7. This may be a metal forum but I'm willing to bet that a good chunk of this community likes The Beatles, some as much as I do (i fucking love this band). For those who like The Beatles, argue which one is their greatest album. I choose Sgt. Pepper's Lonely Hearts Club Band, even though I like Revolver and Rubber Soul more. By 1967, there was nothing in the mainstream that was nearly as ambitious, experimental and determined as SPLHCB. It's a completely flawless album-each song is amazing, the transitions and production by Martin is outstanding (just listen to A Day in the Life), and it showed the band at a tripped-out creative peak that very few artists could match, especially back then. I could argue for Revolver but it's more of a collection of songs and not really a concept album, but it's still probably my favorite album of all time. No song is weak and each one is a true 5-star track that I love listening to and shows an immense level of creativity and a second-to-none ability to write songs. Which album from this legendary band do you consider their best and why?
  8. this isn't metal but still an amazing song nonetheless. Moody Blues-Nights in White Satin This was my parent's wedding song and it's one of my favorites... it's so beautiful and perfect. Youtube link is above.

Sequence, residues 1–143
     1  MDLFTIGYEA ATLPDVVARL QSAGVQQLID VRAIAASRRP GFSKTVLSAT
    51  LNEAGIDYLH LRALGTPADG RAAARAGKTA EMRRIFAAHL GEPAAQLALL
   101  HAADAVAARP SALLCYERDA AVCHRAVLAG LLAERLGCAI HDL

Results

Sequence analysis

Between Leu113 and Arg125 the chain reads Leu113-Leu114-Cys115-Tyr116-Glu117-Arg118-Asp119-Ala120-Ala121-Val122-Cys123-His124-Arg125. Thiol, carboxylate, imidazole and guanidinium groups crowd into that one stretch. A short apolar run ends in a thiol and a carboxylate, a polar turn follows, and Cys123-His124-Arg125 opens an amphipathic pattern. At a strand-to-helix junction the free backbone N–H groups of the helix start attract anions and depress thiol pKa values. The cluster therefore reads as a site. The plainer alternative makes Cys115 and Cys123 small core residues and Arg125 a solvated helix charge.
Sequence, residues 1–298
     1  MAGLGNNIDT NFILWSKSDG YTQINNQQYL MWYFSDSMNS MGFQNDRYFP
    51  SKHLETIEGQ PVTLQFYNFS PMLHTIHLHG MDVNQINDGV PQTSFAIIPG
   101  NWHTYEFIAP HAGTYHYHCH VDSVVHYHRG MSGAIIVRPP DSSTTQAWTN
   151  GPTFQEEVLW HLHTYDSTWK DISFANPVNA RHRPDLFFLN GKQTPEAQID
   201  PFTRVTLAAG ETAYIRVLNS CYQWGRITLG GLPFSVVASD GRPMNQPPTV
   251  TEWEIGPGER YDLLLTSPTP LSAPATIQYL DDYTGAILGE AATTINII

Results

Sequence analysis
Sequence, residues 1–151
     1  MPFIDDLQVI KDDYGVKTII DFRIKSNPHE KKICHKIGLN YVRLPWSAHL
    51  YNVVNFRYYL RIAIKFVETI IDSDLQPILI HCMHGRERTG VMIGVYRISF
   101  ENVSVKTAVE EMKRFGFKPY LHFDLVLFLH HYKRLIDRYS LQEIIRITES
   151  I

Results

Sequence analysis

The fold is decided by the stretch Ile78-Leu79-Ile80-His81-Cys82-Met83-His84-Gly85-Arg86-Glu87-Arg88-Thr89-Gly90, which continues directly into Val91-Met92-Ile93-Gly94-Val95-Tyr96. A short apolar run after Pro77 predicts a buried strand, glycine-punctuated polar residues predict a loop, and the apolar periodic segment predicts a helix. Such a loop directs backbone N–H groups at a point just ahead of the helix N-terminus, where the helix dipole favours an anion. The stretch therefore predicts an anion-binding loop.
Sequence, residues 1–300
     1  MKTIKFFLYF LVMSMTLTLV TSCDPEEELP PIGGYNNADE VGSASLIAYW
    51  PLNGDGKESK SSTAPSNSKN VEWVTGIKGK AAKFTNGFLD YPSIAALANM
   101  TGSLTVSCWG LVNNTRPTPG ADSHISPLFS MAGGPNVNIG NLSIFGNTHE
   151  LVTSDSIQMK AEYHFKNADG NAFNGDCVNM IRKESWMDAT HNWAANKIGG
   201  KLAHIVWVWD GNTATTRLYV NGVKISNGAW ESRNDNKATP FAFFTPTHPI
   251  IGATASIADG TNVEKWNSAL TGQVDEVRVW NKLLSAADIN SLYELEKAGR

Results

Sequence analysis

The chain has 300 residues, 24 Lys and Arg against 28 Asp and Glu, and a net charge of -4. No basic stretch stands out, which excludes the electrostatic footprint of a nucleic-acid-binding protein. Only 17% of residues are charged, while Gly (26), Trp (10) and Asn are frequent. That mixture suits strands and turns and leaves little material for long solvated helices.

9. I'm not huge into black metal or death metal, especially bm. I like a good amount of first wave bm or dm but a lot of albums I don't love enough to make it into my top 100. If I choose to expand the list to 150 or 200, you'll see a lot more representation in those subgenres. And I have listened to a lot of modern metal and can't find many albums that I actually enjoy. I grew up listening to a lot of modern metal from many subgenres and many different bands but nowadays, I don't enjoy most and the ones I do i don't like nearly enough to be on the list.
  10. I'm a fan of straightforward heavy metal, as you've probably seen, but I can't help but think that Side B of Heaven and Hell is just lackluster, average heavy metal with no defining characteristics and nothing to hone on. Which sucks, because I really enjoy Side A of it. But I've been relistening to a lot of "classics" recently and decided that a good portion of these "classics" or "essentials" are mediocre and overrated. Agree to disagree, and I can definitely understand why it's a popular album. I still admire Dio greatly.